What Is the Motor Strip?

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  • Written By: Jennifer Voight
  • Edited By: Melissa Wiley
  • Last Modified Date: 08 October 2019
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The motor strip, also called the primary motor cortex or precentral gyrus, is a part of the frontal lobe of the brain that controls muscle movement, including voluntary movement, swallowing, and speech. Also located on this strip is the pyramidal tract, which contains nerve cells that send messages to cranial and spinal nerves. Shaped like a band, one end of the motor strip is located in the part of the brain that lies below the middle of the top of the head and runs toward the ear. This strip lies at the edge of the frontal lobe adjacent to the central sulcus and parietal lobe.

Planned movements originate in electrical impulses generated in the frontal lobe. These impulses activate appropriate areas of the motor strip, which send messages for the movement to occur. Once the movement has occurred, feedback is sent to the frontal lobe so that it can compare the planned movement with the movement that actually happened and make adjustments as necessary. This feedback also creates awareness in the mind of the individual that the movement has happened.


An example of how this feedback process works is in the lifting of a suitcase. If the individual assumes the suitcase is full, he will prepare to lift it using enough force that the suitcase will fly upward if it is empty. The frontal lobe will quickly register this feedback and make adjustments to lessen the contraction of the muscles in accordance with the actual lighter weight of the suitcase.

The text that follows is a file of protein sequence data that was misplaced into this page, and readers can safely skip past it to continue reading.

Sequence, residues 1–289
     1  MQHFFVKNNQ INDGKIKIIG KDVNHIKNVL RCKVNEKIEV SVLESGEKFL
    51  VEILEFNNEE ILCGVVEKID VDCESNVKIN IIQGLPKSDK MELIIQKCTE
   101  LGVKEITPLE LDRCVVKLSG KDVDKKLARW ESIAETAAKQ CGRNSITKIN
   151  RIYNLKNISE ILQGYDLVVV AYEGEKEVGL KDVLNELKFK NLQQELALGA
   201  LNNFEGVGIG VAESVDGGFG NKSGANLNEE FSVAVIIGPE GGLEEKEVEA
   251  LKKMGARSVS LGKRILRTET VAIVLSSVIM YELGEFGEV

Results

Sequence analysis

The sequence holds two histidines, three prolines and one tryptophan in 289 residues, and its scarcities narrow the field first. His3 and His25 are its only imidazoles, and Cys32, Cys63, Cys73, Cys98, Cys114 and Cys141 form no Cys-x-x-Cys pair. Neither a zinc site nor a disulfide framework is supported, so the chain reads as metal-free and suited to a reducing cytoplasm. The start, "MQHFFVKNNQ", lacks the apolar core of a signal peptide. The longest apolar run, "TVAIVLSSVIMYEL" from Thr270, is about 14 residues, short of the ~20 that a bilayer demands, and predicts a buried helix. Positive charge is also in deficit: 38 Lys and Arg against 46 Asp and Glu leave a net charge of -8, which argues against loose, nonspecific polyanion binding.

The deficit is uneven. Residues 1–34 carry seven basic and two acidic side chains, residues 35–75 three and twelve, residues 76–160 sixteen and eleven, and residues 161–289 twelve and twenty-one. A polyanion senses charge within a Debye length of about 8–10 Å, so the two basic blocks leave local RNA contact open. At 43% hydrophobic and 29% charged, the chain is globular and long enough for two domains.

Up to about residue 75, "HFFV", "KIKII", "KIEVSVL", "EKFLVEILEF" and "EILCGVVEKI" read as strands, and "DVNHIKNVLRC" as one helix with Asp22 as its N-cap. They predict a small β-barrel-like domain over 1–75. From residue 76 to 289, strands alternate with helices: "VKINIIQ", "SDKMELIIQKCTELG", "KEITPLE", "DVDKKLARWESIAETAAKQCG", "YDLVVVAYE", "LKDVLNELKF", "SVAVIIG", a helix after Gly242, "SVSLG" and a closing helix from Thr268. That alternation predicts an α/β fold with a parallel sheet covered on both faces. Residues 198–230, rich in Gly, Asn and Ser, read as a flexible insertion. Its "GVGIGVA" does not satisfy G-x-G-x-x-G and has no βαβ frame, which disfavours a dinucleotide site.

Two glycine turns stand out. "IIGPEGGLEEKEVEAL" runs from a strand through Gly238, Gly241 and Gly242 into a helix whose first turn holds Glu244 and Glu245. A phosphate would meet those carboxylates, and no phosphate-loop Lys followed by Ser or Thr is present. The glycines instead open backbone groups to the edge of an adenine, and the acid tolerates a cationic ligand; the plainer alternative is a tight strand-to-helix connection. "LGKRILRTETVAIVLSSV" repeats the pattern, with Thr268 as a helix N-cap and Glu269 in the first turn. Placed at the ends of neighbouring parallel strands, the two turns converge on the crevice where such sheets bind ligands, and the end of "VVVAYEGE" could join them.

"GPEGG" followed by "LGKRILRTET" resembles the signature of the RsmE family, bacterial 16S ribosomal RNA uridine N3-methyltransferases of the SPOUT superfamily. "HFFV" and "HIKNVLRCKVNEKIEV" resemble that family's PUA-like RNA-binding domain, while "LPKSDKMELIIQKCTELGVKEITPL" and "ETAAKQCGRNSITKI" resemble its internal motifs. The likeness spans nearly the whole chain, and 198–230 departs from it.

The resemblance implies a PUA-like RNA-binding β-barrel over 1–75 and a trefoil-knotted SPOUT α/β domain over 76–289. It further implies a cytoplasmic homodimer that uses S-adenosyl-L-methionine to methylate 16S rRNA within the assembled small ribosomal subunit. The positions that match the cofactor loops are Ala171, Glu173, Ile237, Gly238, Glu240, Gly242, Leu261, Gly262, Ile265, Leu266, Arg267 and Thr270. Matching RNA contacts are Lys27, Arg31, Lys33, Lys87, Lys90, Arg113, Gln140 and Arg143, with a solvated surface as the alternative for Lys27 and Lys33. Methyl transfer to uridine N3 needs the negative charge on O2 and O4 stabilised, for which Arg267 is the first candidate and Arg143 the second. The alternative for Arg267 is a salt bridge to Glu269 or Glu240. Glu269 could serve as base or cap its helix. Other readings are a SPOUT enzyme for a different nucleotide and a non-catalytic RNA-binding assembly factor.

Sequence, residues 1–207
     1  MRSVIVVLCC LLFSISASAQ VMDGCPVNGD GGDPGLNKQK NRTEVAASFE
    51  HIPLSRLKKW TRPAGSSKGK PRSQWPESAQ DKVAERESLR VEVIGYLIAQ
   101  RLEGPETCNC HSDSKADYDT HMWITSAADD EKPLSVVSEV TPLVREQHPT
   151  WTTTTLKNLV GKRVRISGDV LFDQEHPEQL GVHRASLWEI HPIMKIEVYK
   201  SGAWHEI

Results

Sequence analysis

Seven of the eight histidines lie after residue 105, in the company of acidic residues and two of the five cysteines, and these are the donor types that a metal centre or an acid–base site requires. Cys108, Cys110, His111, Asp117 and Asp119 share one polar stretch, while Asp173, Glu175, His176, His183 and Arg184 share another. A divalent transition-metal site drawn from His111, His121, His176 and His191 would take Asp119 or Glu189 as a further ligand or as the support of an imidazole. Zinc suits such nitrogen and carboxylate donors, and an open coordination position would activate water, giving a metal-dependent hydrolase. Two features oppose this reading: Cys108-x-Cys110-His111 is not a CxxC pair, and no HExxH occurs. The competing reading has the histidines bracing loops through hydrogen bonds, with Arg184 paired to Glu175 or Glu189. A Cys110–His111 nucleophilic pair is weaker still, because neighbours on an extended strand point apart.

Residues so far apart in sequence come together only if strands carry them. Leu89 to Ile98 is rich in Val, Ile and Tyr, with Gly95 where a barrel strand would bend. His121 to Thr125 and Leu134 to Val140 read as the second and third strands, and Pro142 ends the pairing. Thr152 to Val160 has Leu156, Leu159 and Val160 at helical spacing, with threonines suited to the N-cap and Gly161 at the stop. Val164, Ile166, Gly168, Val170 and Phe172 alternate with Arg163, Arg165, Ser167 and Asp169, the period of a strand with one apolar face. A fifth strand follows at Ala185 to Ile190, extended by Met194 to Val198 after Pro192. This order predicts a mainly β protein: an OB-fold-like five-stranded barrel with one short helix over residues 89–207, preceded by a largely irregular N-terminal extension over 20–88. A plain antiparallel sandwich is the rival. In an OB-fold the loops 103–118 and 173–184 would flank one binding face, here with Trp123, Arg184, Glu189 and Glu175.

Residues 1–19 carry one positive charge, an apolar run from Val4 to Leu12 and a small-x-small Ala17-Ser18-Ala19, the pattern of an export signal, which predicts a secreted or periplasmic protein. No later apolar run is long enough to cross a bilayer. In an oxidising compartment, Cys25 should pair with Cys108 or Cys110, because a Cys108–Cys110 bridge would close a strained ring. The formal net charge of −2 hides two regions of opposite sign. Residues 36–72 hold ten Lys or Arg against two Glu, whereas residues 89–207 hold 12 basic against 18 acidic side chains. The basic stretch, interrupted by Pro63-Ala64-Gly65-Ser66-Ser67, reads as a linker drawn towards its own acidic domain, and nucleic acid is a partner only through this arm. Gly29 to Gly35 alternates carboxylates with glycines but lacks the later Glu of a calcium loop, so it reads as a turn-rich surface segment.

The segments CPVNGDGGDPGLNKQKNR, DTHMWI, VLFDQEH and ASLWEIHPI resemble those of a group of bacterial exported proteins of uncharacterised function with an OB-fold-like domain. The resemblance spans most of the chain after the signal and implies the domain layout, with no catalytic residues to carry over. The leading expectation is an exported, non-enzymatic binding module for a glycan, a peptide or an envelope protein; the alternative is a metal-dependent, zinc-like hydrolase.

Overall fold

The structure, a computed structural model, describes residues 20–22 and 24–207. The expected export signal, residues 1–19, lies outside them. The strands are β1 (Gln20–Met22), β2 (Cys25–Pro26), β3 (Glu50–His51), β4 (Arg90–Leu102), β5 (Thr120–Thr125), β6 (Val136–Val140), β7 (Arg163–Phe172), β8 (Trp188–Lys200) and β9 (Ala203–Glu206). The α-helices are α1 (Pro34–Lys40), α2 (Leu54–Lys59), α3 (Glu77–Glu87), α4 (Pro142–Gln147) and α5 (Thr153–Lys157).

Each area of the motor strip controls specific regions of the body. The area closest to the top of the head controls the genitalia, buttocks, and legs. Moving toward the center of the motor strip, areas control the trunk, arms, and fingers. The face, mouth, and swallowing muscles are controlled by the area of the motor strip closest to the ear.

These divisions can be pictorially represented by the motor homunculus, or “little man” in Latin. Body parts in this representation do not correspond in size with actual body parts. The hands, mouth, and tongue are much bigger in the homunculus representation than they are on the body, and the legs are much smaller. This is meant to show how much of the primary motor cortex is devoted to the control of each part of the body. Body parts that require fine muscle control take up more space than areas that do not.

Damage to the motor strip from disease or injury can cause problems with mobility. Seizures in this area can cause involuntary movements of the affected body part, depending on which segment of the brain is seizing. In rare cases, individuals can suffer from alien hand syndrome, in which the motor strip acts independently of the frontal cortex. Lacking control of the frontal cortex, body parts may make seemingly random, involuntary movements, like grasping the neck or stuffing food into the mouth. As the frontal cortex feedback system also fails to work, the individual may not be aware that the body part is moving until she sees the body part in action and subsequently is unable to control the body part.


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Post 2

Many sufferers of alien hand syndrome really insist that their hand is under the control of someone else. Many types of brain injuries can cause this phenomenon.

In early medicine surgeons would inadvertently trigger this in patients, trying to cure various brain illnesses.

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